Thursday, August 16, 2012

The “Movies” List: Lovers on the Lam

Posted By on Thu, Aug 16, 2012 at 1:56 PM

This week's “Movies” list topic for the Chris Vernon Show is very similar to last week's: What can I do? Summer is all about action movies.

Last week was “Man on the Run,” based on the remake of Total Recall. This week, the theme doubles up for “Lovers on the Lam,” based on current box-office leader The Bourne Legacy, where Jeremy Renner and Rachel Weisz are on the run together. (Okay, they aren't lovers —¬†yet.)

I usually try to throw the radio audience a bone and have at least one or two semi-recent films on the list. I strongly considered the current Moonrise Kingdom, but with five unassailable classics of the genre all pre-dating the Carter Administration, that just wasn't possible here:

5. Gun Crazy (1950): Classic “B” movie sometimes known as Deadly is the Female. Directed by Joseph Lewis and starring John Dall and Peggy Cummins as a married couple who go on a wild crime spree, in which the wife, an Annie Oakley-style shooting ace, turns out to be the most dangerous and aggressive part of the team. A technical marvel considering the budget, full of superb long takes.

4. They Live By Night (1949): The debut feature from director Nicholas Ray, who would make a bigger splash with Rebel Without a Cause six years later. This expressionistic noir stars Farley Granger and Cathy O'Donnell as “Bowie” and “Keechie.” He's a teenager who was wrongly imprisoned for murder and escapes, helps rob a bank, and goes on the run. She's the daughter of an acquaintance who harbors Granger's crew. They fall in love and go on the run together. Probably the most romantic example of the genre and a classic debut film.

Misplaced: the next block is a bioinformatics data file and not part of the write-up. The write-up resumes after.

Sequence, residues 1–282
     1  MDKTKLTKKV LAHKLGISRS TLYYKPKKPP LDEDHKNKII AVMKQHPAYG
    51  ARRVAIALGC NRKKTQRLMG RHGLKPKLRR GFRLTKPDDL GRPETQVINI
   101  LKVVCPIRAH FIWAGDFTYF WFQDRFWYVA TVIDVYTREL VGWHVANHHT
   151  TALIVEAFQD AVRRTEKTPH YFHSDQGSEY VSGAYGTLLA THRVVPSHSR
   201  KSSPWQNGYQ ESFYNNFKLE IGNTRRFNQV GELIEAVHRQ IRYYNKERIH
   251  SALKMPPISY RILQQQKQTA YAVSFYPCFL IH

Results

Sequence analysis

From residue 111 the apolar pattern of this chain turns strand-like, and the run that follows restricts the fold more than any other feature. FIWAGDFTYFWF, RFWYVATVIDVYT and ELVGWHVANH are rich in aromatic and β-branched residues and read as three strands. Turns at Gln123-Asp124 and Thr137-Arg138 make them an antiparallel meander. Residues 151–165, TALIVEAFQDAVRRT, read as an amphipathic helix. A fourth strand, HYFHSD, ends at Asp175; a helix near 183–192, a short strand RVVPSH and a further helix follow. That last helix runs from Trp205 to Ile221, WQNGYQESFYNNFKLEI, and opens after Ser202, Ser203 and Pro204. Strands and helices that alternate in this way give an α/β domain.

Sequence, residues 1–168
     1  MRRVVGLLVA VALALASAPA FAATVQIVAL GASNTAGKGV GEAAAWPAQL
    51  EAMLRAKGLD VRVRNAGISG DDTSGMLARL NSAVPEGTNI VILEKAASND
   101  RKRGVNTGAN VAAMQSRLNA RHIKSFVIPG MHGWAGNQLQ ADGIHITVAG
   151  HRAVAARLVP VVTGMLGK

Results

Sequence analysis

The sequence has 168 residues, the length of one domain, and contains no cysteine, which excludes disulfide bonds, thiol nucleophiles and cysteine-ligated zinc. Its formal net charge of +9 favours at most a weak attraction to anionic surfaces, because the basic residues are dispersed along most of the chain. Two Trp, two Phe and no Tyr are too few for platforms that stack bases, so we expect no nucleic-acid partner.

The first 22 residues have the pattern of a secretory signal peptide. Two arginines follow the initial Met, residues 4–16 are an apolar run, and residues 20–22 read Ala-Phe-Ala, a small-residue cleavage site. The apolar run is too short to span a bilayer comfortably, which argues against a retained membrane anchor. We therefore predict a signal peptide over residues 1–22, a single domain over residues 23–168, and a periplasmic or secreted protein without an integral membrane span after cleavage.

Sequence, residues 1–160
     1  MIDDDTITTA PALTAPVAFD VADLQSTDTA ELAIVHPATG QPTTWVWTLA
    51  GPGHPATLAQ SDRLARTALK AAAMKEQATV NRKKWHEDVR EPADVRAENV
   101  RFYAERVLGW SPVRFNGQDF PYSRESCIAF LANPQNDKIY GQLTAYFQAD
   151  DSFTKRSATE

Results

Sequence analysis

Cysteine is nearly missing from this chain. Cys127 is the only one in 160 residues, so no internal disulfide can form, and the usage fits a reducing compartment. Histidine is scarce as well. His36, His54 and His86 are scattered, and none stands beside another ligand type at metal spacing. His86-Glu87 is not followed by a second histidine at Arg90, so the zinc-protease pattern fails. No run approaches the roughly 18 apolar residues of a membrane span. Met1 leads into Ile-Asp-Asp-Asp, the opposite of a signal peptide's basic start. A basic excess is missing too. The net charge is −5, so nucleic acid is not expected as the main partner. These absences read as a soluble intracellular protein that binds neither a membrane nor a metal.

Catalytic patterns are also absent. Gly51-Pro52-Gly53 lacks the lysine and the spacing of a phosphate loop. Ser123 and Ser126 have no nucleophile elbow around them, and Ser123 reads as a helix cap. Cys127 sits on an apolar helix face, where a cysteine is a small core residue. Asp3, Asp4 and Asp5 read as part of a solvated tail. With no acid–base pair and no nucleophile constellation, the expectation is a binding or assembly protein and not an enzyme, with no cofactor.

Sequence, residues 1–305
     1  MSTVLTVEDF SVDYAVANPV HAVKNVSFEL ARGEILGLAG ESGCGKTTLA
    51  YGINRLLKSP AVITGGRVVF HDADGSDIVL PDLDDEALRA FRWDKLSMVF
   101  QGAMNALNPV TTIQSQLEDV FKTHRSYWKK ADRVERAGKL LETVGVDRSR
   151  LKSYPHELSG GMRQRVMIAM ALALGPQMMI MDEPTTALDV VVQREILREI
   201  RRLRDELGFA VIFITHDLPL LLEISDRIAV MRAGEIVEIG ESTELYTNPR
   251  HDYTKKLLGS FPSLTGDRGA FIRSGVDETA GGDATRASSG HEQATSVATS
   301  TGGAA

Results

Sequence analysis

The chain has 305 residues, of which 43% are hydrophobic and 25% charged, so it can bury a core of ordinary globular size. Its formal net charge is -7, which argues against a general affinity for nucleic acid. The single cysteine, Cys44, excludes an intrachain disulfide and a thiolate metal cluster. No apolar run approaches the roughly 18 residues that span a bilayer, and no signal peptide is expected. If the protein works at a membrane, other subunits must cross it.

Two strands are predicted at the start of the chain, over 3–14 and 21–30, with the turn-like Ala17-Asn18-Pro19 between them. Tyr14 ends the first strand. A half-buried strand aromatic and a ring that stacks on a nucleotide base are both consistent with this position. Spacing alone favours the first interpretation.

3. Pierrot Le Fou (1965): Jean-Luc Godard's French New Wave version of "Lovers on the Lam," with Jean-Paul Belmondo and Anna Karina on a crime spree from Paris to the Mediterranean, chased by gangsters. A simultaneous tribute to and deconstruction of Hollywood genre movies, filmed in Cinemascope with eye-popping primary colors and with such playful bits as having the characters break the fourth wall and letting American filmmaker Samuel Fuller play himself at a party, where he offers his own martial definition of cinema.

2. Badlands (1973): Terence Malick's debut and still his most commercial film. The real-life story of 1950s killer Charlie Starkweather and his teen girlfriend Caril Ann Fugate is given a fictionalized twist, starring a young Martin Sheen and a young Sissy Spacek. Poetic, both in the sun-kissed outdoor cinematography and Spacek's voiceover, but more accessible than later Malick works.

1. Bonnie & Clyde (1967): Director Arthur Penn's groundbreaking version of perhaps the definitive “lovers on the lam” story, with Faye Dunaway and Warren Beatty in the title roles. A mythic variation that incorporates then-shocking realism in terms of its violence. Gene Hackman, Michael J. Pollard, and Gene Wilder (in his feature-film debut) lead a terrific supporting cast. Maybe one of the most purely entertaining “great American films” of the post-“classic Hollywood” era — and era it helped end.

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